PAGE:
Blatter's handling of the case was labelled "clumsy" but not misconduct by the investigation - though it questioned whether he knew or should have known about the millions of pounds of bribes paid to his predecessor Joao Havelange and two other South American FIFA members.
Havelange has resigned as FIFA's honorary president in the wake of the findings, it emerged on Tuesday, and Damian Collins, an MP who sits on the culture, media and sport select committee and who has led a campaign for FIFA reform, insists Blatter should follow suit.
Collins told the Press Association: "Sepp Blatter should himself resign for his failure to expose the wrongdoing sooner, and to take action earlier against those who had done wrong.
"In the light of this report, it is even more incredible that the FIFA executive committee continue to resist calls, from its own advisors, for greater independent scrutiny of its decisions, and the financial interests of its members.
"The impression created by this report is one of an attempted cover-up by FIFA of this massive corruption scandal motivated by the desire to protect some of its leading officials."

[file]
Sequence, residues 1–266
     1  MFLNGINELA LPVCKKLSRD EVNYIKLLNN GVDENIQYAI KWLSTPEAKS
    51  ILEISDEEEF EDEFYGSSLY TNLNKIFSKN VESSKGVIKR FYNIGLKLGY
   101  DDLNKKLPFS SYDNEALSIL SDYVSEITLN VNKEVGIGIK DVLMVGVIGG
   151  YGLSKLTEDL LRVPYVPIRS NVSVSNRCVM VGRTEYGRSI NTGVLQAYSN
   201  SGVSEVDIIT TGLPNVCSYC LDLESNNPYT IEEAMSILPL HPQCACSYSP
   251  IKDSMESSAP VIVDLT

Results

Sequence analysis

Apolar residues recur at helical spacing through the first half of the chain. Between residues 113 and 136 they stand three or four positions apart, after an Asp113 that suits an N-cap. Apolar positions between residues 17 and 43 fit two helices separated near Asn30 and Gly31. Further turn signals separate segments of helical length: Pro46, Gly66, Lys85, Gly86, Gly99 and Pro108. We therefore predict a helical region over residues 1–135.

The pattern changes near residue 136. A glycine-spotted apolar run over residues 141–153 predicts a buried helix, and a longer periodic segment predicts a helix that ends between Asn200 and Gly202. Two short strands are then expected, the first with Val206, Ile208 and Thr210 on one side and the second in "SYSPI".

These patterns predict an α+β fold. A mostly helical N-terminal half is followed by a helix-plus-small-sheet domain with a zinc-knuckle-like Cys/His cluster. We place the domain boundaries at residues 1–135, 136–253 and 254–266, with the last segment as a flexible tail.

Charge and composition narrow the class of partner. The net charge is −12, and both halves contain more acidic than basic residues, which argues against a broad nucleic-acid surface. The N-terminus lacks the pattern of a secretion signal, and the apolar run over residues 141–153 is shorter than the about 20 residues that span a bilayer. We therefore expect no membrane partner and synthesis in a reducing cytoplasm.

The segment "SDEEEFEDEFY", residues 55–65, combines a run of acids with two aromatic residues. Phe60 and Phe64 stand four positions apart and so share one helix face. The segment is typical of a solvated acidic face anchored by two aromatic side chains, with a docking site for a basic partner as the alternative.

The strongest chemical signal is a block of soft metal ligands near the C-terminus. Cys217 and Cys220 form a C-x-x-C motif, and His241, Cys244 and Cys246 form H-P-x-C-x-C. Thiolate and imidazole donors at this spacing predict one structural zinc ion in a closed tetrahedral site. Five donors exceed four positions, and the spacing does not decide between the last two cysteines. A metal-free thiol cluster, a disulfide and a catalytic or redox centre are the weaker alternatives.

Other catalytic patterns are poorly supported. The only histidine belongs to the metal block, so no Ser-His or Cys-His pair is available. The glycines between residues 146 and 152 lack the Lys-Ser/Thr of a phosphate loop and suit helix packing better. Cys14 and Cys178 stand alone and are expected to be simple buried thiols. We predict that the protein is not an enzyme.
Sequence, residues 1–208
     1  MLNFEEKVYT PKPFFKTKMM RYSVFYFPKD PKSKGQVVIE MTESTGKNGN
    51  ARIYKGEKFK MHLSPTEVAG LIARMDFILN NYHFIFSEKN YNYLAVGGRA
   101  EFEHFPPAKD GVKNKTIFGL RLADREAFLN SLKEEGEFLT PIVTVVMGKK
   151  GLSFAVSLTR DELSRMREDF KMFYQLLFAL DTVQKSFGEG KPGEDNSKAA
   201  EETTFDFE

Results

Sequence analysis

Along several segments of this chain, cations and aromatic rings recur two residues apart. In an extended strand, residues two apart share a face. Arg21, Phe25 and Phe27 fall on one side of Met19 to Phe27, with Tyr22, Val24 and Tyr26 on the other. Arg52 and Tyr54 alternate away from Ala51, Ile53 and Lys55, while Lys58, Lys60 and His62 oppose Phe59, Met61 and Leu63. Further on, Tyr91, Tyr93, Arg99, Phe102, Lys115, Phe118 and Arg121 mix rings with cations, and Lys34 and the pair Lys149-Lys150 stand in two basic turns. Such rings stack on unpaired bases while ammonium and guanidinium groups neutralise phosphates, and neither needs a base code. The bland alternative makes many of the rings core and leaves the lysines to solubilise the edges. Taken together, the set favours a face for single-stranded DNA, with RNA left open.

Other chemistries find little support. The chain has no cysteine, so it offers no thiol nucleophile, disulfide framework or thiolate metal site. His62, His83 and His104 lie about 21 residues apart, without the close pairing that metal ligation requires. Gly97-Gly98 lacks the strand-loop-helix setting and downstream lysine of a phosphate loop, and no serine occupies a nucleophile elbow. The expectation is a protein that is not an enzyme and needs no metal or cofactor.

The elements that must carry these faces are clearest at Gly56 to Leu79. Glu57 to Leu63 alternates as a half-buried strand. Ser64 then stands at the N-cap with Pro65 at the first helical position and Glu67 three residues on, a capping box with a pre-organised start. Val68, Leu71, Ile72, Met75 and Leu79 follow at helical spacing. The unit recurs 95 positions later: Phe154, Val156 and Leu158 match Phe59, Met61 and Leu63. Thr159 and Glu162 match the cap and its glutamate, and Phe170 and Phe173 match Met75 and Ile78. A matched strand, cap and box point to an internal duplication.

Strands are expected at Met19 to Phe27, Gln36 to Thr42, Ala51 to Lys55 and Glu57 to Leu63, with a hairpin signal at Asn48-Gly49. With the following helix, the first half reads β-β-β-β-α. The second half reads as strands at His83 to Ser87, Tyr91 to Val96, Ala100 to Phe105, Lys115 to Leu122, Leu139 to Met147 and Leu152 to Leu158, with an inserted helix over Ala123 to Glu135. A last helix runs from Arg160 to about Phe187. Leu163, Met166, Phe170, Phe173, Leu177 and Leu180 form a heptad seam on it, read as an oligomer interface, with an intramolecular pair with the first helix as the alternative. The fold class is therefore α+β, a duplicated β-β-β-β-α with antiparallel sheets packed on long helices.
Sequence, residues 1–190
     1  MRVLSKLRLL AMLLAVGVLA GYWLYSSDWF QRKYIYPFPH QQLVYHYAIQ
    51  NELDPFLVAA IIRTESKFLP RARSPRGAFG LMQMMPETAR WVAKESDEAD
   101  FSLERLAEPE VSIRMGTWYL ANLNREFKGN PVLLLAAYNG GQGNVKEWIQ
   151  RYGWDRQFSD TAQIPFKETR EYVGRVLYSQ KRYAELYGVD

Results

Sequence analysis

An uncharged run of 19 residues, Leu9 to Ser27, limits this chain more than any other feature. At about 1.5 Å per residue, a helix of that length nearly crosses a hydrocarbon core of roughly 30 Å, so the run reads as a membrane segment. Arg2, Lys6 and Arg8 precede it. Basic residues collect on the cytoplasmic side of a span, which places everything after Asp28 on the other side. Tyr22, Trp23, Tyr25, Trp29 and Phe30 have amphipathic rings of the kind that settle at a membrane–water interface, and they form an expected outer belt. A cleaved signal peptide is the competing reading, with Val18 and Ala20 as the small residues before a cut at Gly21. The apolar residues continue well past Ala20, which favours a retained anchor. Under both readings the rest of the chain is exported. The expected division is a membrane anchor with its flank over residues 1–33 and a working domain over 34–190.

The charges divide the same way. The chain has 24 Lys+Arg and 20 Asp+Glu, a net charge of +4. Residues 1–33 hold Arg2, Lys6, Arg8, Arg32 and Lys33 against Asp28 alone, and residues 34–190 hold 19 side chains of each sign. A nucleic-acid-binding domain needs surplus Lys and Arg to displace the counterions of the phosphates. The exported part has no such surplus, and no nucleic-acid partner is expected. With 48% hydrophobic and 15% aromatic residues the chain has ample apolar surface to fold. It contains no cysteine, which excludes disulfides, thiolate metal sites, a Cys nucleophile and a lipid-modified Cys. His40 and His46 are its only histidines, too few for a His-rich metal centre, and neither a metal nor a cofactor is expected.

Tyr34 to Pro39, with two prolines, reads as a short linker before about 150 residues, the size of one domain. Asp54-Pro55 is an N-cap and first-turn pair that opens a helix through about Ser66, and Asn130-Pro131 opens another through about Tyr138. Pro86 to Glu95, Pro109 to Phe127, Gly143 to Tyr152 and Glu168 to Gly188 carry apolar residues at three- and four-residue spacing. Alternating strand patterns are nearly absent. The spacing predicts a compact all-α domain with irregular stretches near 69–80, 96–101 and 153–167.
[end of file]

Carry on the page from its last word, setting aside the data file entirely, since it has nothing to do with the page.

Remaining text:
The long-awaited reported by FIFA's ethics committee into the ISL scandal named Havelange and two former FIFA members Ricardo Teixeira and Nicolas Leoz as receiving bribes. All three have since resigned from FIFA.
The report by FIFA Adjudicatory Chamber chairman Hans-Joachim Eckert states: "Mr Havelange has long held solely an honorary position, which does not qualify him as an 'official' under the code of ethics. Further, Mr Havelange resigned his position as honorary president effective 18.04.2013."
Eckert does question Blatter's role in the scandal, however.
He states: "It must be questioned, however, whether President Blatter knew or should have known over the years before the bankruptcy of ISL that ISL had made payments (bribes) to other FIFA officials."